No Punches Pulled in ‘Indians’

In the opening chapter of The Only Good Indians, Ricky, one of the titular “Indians” has stepped outside a bar to take a leak when a massive and possibly hallucinatory elk appears, stomps on a bunch of cars, and leaves him to the mercy of a bunch of drunk white guys who mete out swift and decisive street justice. It’s a common device in horror: show the potential of the threat early on so we can be appropriately terrified for the protagonist(s) who must defeat it.

Author Stephen Graham Jones knows this.

He also doesn’t let us off that easy.

When it starts with a ghost elk and a man beaten to death, boy, buckle up.

A few months before Ricky’s brutal death, Ricky and three other guys on their Blackfoot reservation went on an illegal hunting trip and got much more than they bargained for when a herd of elk, while running away from the men’s truck, jumped off a cliff to their deaths. At first, the group can’t believe their luck, even if they can’t quite figure out how they’re going to get all the carcasses home. One, Lewis, tries to put an elk that survived the fall out of her misery, a process that turns gruesome fast and ends with him finding a calf in the dying elk’s womb.

Nearly ten years later, Lewis, now living in domestic bliss with a vegetarian white woman and working as a mail carrier away from the reservation, gets a glimpse of that elk and her calf again in a series of hallucinations that feel far more real than they should. He begins obsessing, the memory of the hallucination and the events it is rooted in infecting every part of his life. The others who were in that same hunting party, Cassidy and Gabe, haven’t thought much of that illicit hunt in years, they tell him, but Lewis can’t shake the feeling that the spirit of the mother elk—or an Elk Head Woman somehow born from that moment—is lingering close to him.

On the reservation, Cassidy and Gabe are trying to carry on tribal traditions to the next generation, even if they lack the mystique of the elders who taught them. Though neither of them fixates on the hunt—Cassidy is head-over-heels for a girlfriend who’s helping him straighten his life out, and Gabe is trying to stay in his daughter’s life despite the trouble his various drunken outbursts have caused him over the years—they are still trying to rebuild the respect they lost from the tribe for poaching all those elk. As Cassidy prepares to propose to his girlfriend and Gabe encourages his daughter, Denorah, to rise to stardom on the high school basketball team, something lurks in the background—something that remembers what happened ten years ago all too well.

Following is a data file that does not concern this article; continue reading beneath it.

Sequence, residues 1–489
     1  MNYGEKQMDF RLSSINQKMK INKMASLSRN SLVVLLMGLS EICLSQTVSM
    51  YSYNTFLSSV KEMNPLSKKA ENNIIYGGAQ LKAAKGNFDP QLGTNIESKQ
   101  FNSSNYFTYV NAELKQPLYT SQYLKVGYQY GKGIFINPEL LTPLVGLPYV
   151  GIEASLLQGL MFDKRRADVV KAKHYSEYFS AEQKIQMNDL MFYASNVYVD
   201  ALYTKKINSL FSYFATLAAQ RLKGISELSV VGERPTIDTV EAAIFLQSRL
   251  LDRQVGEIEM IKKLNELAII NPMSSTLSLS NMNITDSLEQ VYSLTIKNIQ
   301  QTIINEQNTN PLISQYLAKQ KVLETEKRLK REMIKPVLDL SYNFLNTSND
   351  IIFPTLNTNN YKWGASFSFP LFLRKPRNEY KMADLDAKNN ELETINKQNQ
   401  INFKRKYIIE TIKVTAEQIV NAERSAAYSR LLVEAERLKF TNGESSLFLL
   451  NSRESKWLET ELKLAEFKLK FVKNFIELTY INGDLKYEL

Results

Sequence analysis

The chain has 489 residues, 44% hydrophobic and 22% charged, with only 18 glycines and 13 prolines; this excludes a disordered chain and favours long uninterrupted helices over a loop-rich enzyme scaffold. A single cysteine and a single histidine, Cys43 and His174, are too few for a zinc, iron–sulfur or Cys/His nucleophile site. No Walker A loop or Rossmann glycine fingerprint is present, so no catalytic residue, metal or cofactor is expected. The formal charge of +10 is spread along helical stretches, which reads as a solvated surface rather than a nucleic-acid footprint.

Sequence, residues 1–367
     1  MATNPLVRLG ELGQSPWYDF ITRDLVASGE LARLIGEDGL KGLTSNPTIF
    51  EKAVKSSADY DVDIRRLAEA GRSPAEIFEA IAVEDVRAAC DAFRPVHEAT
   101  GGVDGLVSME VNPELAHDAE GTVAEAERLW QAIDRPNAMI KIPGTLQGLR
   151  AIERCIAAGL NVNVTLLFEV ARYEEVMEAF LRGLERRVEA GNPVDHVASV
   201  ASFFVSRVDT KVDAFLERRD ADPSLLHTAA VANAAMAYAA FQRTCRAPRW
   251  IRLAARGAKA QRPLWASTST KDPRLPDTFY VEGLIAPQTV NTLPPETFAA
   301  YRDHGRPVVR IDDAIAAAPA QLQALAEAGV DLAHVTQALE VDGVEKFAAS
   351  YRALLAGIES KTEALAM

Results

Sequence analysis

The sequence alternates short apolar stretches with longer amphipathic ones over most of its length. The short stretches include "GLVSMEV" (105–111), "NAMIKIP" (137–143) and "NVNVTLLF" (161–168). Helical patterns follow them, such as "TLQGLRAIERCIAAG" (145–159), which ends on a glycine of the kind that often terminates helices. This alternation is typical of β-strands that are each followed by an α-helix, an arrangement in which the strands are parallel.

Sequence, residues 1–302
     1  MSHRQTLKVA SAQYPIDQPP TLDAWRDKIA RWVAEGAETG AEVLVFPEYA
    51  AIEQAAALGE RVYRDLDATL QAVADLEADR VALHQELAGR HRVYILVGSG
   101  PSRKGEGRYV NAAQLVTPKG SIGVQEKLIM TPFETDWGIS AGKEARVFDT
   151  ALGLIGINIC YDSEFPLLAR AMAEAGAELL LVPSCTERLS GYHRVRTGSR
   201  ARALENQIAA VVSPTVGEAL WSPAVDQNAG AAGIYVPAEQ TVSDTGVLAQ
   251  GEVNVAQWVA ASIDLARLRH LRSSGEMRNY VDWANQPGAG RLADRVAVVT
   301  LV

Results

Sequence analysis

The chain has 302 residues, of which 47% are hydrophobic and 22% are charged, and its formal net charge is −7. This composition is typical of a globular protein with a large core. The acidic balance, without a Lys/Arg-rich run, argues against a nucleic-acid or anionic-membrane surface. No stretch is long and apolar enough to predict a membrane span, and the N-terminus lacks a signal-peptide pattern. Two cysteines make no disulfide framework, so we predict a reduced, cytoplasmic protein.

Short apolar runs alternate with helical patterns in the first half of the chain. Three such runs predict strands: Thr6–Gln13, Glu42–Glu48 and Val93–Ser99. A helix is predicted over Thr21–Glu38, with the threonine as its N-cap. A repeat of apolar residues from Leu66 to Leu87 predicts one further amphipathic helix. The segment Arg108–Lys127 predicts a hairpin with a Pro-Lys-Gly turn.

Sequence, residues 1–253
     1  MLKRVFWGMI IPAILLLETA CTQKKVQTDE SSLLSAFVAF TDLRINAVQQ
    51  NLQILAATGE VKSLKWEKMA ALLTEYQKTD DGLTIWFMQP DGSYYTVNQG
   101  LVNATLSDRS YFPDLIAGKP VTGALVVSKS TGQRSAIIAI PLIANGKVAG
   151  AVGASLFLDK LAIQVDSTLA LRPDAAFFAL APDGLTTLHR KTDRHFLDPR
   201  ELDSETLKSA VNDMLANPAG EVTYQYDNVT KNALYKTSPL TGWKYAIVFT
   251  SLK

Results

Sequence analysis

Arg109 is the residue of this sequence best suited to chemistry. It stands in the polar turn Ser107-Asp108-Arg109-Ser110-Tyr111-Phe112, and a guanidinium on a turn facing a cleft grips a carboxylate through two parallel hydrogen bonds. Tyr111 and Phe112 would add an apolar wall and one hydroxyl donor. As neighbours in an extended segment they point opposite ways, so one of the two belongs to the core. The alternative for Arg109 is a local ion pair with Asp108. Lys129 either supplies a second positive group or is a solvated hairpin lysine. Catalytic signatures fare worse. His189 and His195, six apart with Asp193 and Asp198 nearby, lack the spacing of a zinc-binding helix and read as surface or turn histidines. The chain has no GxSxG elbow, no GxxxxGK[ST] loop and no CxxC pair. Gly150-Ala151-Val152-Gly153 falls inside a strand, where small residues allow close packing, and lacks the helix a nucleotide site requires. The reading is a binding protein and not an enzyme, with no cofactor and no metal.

Jones, like his characters, is Blackfeet, and that heritage feels indelibly woven into Ricky and Lewis and Gabe and Cassidy—not as anything approaching a gimmick, but as quite flawed people trying to find how to blend tradition with modern reality. Only one of his characters is easy to root for, but the rest are drawn with such honesty and humanity that you can’t help but hope for their better angels to take hold. Some of them do. Some of them don’t. Although, in the end, it doesn’t really matter, because this is a horror novel and things end, well, horribly.

One thing Jones does impeccably is tease with tension and release. Each time Lewis gets caught too fully in his own head obsessing about the elk, the growing shadows are dispelled with a moment of relief, which Jones then uses against Lewis (and the reader) a few pages down the road. For example: I see you like those extremely nerdy fantasy novels, Jones says, and turns them into a monstrous portent. As a female coworker becomes friendly with Lewis, the tension grows to include whether Lewis’ wife will catch them and suspect adultery, destroying the already-fragile life Lewis has built for himself.

Jones also delights in visual horror in a way I haven’t seen many authors do. Ricky is beaten to death. When Lewis’ dying dog attacks a male coworker, you can see the man’s teeth through the gaping skin of his cheek. When Lewis goes to murderous lengths to solve the mystery of the Elk Head Woman, you can practically hear the sound of (spoiler) each tooth being pried free from his victim’s mouth.

Unrelated to the book but my husband hated this post so much that now I can make him cringe just by saying “teeth” several times.

And this is to say nothing about the gore that coats the pages leading up to the climax. You quickly learn how intentional the book’s title was, with the end of the implied General Sheridan quote being “…is a dead Indian.” The Elk Head Woman is unstoppable and ruthless, her powers of monstrous suggestion flawless. Under her influence, heroes could become villains, or killed by some other exterior force, such as the enraged mob that takes Ricky. As her revenge sends her mercilessly after her final target, we know perfectly how little hope there is for escape.

It’s wonderful.

Gory, yes. Unnerving, absolutely. A little much for some people, probably. And well worth all 320 pages of tension.

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